Consultation-liaison psychiatry in an Australian oncology unit

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Abstract

Objective: To provide an overview of the work of a consultation-liaison (C-L) psychiatry service to an oncology unit in a university affiliated teaching hospital, with the aid of a comprehensive clinical database. Method: The MICROCARES prospective clinical database system was used to record data on all oncology inpatients referred to C-L psychiatry, and the hospital clinical database was used to compare referred inpatients with all oncology inpatients. Results: Two hundred and seventy-one referrals were made in the 3 years from 1991 to 1993, a referral rate of 10.4%. The referred patients were younger but there was no bias in sex and marital status. The mean length of stay was twice that for all other oncology admissions, day cases excluded. The most frequent reasons for referral were coping problems, depression, terminal illness issues and anxiety. The most common psychiatric diagnoses were Systemic Family Problems (V codes, 24%), Mood Disorders (23%), Adjustment Disorders (16%) and Organic Mental Disorders (10%). Management involved family conferences in half of the patients and antidepressant medication in one-quarter. Concordance with pharmacological recommendations was 98%. Existential issues and family-centred care are discussed. Conclusions: Both individual and family-centred care is required in an oncology service; a dedicated liaison attachment offers considerable staff support. Psycho-oncology is underdeveloped in Australia compared to many overseas services; there is scope for substantial growth in preventive and supportive work.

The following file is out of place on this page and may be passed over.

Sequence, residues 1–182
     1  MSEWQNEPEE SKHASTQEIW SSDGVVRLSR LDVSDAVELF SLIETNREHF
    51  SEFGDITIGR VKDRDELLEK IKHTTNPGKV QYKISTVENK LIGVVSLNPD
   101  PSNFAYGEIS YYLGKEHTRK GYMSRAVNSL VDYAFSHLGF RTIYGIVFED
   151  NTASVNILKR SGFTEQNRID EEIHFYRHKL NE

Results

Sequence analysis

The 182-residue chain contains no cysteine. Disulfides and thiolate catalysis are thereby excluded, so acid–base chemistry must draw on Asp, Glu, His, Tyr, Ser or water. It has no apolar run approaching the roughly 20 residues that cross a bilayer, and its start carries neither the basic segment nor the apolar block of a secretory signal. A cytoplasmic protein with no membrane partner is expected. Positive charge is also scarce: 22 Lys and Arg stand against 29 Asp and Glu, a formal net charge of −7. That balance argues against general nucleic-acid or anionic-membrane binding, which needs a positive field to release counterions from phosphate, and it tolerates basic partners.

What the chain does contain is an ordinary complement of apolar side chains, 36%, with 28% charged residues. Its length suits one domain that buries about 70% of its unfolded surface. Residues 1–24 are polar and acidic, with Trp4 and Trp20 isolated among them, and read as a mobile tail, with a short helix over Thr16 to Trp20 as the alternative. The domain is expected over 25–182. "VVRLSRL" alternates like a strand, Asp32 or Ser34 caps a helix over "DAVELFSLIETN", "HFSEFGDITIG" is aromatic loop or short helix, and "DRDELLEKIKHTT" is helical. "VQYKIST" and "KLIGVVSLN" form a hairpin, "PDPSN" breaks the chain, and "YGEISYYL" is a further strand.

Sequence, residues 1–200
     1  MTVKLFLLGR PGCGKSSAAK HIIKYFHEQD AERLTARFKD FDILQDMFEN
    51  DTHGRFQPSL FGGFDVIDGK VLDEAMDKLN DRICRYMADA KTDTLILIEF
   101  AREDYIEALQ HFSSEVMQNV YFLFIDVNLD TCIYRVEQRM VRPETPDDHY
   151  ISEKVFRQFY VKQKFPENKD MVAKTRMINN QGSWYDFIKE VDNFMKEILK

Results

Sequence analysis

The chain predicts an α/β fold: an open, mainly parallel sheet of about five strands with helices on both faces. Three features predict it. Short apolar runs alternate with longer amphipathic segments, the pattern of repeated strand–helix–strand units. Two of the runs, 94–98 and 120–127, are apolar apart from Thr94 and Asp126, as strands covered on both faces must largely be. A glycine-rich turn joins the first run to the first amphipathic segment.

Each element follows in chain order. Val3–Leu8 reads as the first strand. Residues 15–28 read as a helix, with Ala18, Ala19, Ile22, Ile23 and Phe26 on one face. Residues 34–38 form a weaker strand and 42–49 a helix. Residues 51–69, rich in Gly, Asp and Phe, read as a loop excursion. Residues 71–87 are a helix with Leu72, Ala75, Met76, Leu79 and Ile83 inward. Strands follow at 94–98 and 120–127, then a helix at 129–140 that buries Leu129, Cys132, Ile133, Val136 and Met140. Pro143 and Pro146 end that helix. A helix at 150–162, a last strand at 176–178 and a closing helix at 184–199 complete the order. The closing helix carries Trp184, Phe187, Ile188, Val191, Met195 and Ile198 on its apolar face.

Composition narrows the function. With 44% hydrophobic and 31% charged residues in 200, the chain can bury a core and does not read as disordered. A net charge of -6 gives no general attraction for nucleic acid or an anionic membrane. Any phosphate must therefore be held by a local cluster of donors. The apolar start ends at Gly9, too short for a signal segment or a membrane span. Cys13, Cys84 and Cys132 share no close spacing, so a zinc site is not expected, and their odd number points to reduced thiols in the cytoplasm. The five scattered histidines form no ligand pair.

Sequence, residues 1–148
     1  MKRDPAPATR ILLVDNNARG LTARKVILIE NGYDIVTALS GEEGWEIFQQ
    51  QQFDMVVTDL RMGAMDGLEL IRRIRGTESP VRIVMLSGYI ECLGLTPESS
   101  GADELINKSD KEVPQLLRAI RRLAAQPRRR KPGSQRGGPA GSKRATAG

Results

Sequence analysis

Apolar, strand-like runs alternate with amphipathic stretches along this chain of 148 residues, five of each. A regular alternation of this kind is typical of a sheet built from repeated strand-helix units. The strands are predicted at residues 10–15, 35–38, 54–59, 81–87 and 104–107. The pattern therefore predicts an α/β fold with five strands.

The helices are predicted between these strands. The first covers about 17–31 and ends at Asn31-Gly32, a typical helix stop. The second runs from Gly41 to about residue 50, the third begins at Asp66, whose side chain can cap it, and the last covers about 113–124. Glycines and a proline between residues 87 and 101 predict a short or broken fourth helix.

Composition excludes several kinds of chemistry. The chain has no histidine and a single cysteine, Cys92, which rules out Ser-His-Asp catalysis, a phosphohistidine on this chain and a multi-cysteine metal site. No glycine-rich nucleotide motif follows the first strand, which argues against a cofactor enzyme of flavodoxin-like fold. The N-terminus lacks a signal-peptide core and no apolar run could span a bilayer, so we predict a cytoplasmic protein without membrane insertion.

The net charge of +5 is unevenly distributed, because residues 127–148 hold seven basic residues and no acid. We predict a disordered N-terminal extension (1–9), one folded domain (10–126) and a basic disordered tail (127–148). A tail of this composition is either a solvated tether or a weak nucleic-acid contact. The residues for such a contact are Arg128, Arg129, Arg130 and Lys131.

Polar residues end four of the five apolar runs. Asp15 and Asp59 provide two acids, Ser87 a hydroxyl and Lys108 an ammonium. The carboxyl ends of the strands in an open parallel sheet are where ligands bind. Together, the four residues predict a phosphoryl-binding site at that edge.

Original languageEnglish
Pages (from-to)397-404
Number of pages8
JournalAustralian and New Zealand Journal of Psychiatry
Volume30
Issue number3
DOIs
Publication statusPublished - 1 Jan 1996

Cite this

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abstract = "Objective: To provide an overview of the work of a consultation-liaison (C-L) psychiatry service to an oncology unit in a university affiliated teaching hospital, with the aid of a comprehensive clinical database. Method: The MICROCARES prospective clinical database system was used to record data on all oncology inpatients referred to C-L psychiatry, and the hospital clinical database was used to compare referred inpatients with all oncology inpatients. Results: Two hundred and seventy-one referrals were made in the 3 years from 1991 to 1993, a referral rate of 10.4{\%}. The referred patients were younger but there was no bias in sex and marital status. The mean length of stay was twice that for all other oncology admissions, day cases excluded. The most frequent reasons for referral were coping problems, depression, terminal illness issues and anxiety. The most common psychiatric diagnoses were Systemic Family Problems (V codes, 24{\%}), Mood Disorders (23{\%}), Adjustment Disorders (16{\%}) and Organic Mental Disorders (10{\%}). Management involved family conferences in half of the patients and antidepressant medication in one-quarter. Concordance with pharmacological recommendations was 98{\%}. Existential issues and family-centred care are discussed. Conclusions: Both individual and family-centred care is required in an oncology service; a dedicated liaison attachment offers considerable staff support. Psycho-oncology is underdeveloped in Australia compared to many overseas services; there is scope for substantial growth in preventive and supportive work.",
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Consultation-liaison psychiatry in an Australian oncology unit. / Kissane, David W.; Smith, Graeme C.

In: Australian and New Zealand Journal of Psychiatry, Vol. 30, No. 3, 01.01.1996, p. 397-404.

Research output: Contribution to journalArticleResearchpeer-review

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